The Ash Dalvi 13 Count (Part 2)

5th May 2015 Posted in The Ash Dalvi 13 Count by

Introduction

In this article, I will assume that you have read “The 13 Count (Part 1)”.   In Part 2, I will focus on how to include checkers within the home board into your 13 count.  In Part 1, I discussed 2 ways that some of the home board checkers could be included into the count (See Position B and D below).

 

Position B  Two checkers equidistant from your bar counts as one 13 

Counting pips

 

Position D  Two opposite checkers + 1 pip equal 2 sets of 13

Pip counting

 

However, these 2 positions will not always get all the home board checkers into your count.

 

Home board Checkers

When I started using this method, I just added home board checkers on at the end either using Jack Kissane’s cluster counting method or by adding 1 or 2 checkers on low points at the end.  The idea of the 13 count system was to avoid adding big numbers and several sets of multiplication and this was achieved in Part 1.  In part 1, I showed you how to get all the checkers between the 24 pt and the 7 pt into your 13 count.

Note that there are only 4 very simple positions to remember to account for all of these checkers. 

This is arguably an improvement on traditional cluster counting methods.    You can always count the checkers on high points into a 13 count.  However, if they are not situated in convenient positions, they can be difficult to incorporate into a traditional cluster count.

In addition, sometimes, I simply want to know who is ahead in the race.  In these situations, I am happy to rely on a 13 count without corrections if there is a difference of two 13s.

For this reason, I have explored a couple of methods of incorporating home board checkers into the 13 count.

 

Method 1 – Memorising Corrections while maintaining symmetry

If you are better at memorising numbers than patterns, this Method may suit you better than Method 2.  I use the following positions and memorise the corrections.

 

Position HB 1a – 2 checkers on the 6 point

1 set of 13 and a correction of -1 pip

pip count

 

Position HB 2a – 2 checkers on the lowest 3 points

1 set of 13 and a correction of -1 pip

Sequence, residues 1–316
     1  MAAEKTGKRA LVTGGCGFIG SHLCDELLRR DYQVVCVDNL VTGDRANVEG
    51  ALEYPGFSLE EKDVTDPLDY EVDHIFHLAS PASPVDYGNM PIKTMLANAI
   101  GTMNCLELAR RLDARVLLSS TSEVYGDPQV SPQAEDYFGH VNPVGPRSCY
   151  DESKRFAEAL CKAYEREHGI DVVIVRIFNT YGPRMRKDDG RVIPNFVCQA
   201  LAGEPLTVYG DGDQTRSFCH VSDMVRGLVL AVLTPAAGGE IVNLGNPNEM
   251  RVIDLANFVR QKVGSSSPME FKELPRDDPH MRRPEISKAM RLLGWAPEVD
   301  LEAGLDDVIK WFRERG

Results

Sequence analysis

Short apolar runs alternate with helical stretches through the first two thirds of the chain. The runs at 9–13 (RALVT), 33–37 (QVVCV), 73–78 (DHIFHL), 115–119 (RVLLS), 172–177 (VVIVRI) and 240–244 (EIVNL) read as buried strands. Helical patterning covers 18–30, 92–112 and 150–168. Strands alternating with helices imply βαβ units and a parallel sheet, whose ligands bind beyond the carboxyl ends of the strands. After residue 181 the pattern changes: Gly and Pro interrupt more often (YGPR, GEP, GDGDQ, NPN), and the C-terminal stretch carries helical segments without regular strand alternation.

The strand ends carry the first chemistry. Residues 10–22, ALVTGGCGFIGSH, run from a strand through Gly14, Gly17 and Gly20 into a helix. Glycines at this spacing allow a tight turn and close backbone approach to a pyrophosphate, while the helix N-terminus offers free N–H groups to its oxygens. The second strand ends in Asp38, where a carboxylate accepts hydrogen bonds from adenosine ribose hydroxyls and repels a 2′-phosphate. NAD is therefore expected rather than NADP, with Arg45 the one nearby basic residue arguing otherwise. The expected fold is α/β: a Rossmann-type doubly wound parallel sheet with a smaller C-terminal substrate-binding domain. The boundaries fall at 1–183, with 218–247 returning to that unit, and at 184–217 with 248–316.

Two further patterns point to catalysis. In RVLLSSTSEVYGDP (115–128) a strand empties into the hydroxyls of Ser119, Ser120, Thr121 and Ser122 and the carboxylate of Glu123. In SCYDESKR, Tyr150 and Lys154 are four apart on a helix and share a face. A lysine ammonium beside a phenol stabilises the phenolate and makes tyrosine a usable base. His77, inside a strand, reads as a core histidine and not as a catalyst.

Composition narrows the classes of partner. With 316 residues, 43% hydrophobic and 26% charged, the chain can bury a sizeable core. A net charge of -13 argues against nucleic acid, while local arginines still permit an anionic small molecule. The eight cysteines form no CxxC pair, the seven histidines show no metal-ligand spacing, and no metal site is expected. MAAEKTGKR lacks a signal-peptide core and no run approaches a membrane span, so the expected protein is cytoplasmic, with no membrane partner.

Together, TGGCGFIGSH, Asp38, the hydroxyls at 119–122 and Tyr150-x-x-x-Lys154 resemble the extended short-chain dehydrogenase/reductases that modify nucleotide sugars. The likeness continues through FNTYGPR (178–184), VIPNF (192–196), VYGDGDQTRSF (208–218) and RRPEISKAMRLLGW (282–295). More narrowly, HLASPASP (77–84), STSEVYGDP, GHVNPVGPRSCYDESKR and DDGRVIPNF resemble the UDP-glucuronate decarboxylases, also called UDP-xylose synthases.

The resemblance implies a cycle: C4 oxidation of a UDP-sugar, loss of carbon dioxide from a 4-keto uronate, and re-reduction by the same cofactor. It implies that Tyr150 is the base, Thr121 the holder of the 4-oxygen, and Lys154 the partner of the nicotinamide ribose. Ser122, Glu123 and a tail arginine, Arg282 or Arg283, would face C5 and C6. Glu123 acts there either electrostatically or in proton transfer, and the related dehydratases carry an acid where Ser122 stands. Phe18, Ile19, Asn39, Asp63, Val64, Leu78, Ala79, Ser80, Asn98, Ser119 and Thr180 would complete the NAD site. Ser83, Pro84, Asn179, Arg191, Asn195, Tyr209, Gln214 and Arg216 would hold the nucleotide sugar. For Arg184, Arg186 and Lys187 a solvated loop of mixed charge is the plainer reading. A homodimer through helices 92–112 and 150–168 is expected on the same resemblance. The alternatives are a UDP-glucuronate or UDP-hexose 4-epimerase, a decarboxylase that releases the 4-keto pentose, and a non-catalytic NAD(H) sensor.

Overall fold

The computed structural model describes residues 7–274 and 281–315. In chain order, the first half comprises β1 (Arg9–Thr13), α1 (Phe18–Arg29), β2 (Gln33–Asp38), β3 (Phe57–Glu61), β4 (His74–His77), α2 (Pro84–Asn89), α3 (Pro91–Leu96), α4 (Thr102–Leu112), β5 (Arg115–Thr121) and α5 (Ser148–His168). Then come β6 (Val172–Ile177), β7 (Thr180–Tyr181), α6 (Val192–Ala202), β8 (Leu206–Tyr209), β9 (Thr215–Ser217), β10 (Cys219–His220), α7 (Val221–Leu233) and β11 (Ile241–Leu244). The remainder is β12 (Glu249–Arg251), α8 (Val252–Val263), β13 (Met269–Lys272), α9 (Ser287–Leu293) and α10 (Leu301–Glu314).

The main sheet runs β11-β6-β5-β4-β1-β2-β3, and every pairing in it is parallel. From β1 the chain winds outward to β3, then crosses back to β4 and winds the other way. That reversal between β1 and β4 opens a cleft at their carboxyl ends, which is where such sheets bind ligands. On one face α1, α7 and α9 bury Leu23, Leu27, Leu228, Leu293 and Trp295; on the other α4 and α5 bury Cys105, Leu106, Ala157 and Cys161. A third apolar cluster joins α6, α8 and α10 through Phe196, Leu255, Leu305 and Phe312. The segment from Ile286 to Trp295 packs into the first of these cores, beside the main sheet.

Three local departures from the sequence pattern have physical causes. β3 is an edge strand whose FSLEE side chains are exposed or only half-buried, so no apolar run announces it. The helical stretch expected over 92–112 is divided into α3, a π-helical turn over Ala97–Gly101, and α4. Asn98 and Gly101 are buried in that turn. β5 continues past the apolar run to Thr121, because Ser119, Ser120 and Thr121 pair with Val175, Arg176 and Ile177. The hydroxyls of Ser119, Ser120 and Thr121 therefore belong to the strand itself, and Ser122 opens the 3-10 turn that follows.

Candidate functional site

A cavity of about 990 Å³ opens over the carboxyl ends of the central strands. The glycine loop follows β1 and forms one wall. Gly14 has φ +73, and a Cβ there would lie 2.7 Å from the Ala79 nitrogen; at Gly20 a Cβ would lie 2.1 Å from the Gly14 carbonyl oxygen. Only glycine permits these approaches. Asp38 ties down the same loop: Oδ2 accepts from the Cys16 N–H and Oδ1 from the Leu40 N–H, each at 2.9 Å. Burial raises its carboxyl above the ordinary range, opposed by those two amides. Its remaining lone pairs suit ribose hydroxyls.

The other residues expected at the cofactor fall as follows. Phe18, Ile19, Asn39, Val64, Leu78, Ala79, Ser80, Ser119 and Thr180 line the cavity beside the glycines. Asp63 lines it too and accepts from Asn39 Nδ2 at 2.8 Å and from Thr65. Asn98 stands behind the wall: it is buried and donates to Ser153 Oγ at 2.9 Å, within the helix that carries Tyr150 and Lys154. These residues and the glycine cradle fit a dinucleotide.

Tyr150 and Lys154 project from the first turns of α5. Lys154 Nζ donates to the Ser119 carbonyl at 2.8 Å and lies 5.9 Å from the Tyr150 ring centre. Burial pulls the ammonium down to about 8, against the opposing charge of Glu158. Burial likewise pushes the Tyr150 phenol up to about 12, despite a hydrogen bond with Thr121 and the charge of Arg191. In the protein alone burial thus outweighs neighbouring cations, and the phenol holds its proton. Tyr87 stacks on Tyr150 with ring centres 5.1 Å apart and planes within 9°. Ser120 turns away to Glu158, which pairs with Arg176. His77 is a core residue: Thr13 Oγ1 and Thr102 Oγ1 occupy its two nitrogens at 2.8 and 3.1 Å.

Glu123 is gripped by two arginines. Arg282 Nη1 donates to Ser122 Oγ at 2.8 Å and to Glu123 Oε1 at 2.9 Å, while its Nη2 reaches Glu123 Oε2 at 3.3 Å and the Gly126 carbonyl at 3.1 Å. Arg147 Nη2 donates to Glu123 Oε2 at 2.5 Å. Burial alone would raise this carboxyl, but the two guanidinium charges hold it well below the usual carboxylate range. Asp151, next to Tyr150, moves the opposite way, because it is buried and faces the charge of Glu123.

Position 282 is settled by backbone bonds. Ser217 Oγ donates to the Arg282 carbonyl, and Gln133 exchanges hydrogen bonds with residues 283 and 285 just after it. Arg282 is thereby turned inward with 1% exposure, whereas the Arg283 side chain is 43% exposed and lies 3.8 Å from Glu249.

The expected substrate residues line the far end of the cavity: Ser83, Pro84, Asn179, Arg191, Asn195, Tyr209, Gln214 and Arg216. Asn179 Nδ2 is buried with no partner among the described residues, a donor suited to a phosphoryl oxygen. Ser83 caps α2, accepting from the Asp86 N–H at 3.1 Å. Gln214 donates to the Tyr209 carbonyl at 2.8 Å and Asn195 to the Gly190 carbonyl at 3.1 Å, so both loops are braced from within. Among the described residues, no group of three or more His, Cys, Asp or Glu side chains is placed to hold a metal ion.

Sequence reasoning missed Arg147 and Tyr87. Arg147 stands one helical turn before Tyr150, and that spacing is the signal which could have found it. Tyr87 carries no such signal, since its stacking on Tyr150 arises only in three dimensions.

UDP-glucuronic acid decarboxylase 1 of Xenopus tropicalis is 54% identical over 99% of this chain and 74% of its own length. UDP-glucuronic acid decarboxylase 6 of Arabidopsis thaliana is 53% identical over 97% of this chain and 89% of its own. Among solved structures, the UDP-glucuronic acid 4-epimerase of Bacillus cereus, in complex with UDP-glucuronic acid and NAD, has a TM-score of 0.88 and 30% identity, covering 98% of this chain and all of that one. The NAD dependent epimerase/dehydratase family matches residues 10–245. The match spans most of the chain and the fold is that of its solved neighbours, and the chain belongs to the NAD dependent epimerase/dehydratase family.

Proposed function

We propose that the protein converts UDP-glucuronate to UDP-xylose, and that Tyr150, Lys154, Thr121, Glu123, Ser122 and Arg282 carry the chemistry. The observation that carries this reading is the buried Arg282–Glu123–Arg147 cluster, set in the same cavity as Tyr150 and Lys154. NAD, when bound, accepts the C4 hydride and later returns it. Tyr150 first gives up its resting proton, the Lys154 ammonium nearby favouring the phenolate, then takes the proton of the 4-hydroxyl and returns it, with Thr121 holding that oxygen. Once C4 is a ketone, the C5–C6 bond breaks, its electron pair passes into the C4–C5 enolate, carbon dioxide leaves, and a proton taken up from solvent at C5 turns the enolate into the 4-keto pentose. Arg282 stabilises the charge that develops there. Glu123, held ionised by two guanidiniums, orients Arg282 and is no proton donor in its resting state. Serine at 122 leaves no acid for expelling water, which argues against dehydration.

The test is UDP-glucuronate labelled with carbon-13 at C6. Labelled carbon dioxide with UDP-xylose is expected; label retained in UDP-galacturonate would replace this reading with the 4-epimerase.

Backgammon pips

 

Position HB 3a – 2 checkers on the 5 and 6 points

2 sets of 13 and a correction of -4 pips

Counting pips in backgammon

 

Position HB 4a – 3 prime on the highest points

2 sets of 13 and a correction of +4 pips

Counting backgammon pips

 

Position HB 5a – 4 prime on the highest points

3 sets of 13 and a correction of -3

pip count backgammon

 

Position HB 7a – 5 prime on the highest points

3 sets of 13 and a correction of +1 pip

pip count strategy for backgammon

 

Position HB 8a – Closed board

3 sets of 13 and a correction of +3 pips

backgammon pip count

 

Method 2 – Memorising unsymmetrical positions without having to make corrections

If you are more comfortable memorising patterns than numbers, Method 2 may be more useful to you.

 

Position HB 1b – 2 checkers on the 6 point and 1 on the 1 point

1 set of 13

pip count backgammon method

 

Position HB 2b – 2 checkers on the lowest 3 points plus 1 one extra on the 1 point

1 set of 13

backgammon pip count method

 

Position HB 3b – 2 checkers on the 5 and 6 point and 1 on the 4 point

2 sets of 13

the ash dalvi 13 count backgammon

 

Position HB 4b – 2 checkers on the 6, 4 and 3 points

2 sets of 13

the Ash Dalvi 13 count backgammon

 

Usually when your opponent makes your 5 point, it is considered bad.  However, on the bright side, it can make pip counting easier.  That thought helps me to remember this pattern

 

Position HB 5b – 4 prime on the highest points with an extra checker on the 3 point

3 sets of 13

the Ash Dalvi 13 count , backgammon pip counting method

 

Position HB 6b – 4 on the 6 point and 3 on the 5 point

3 sets of 13

the Ash Dalvi 13 count ; backgammon pip count method

 

Position HB 6b – 3 on the 5 and 6 points and 2 on the 3 point

3 sets of 13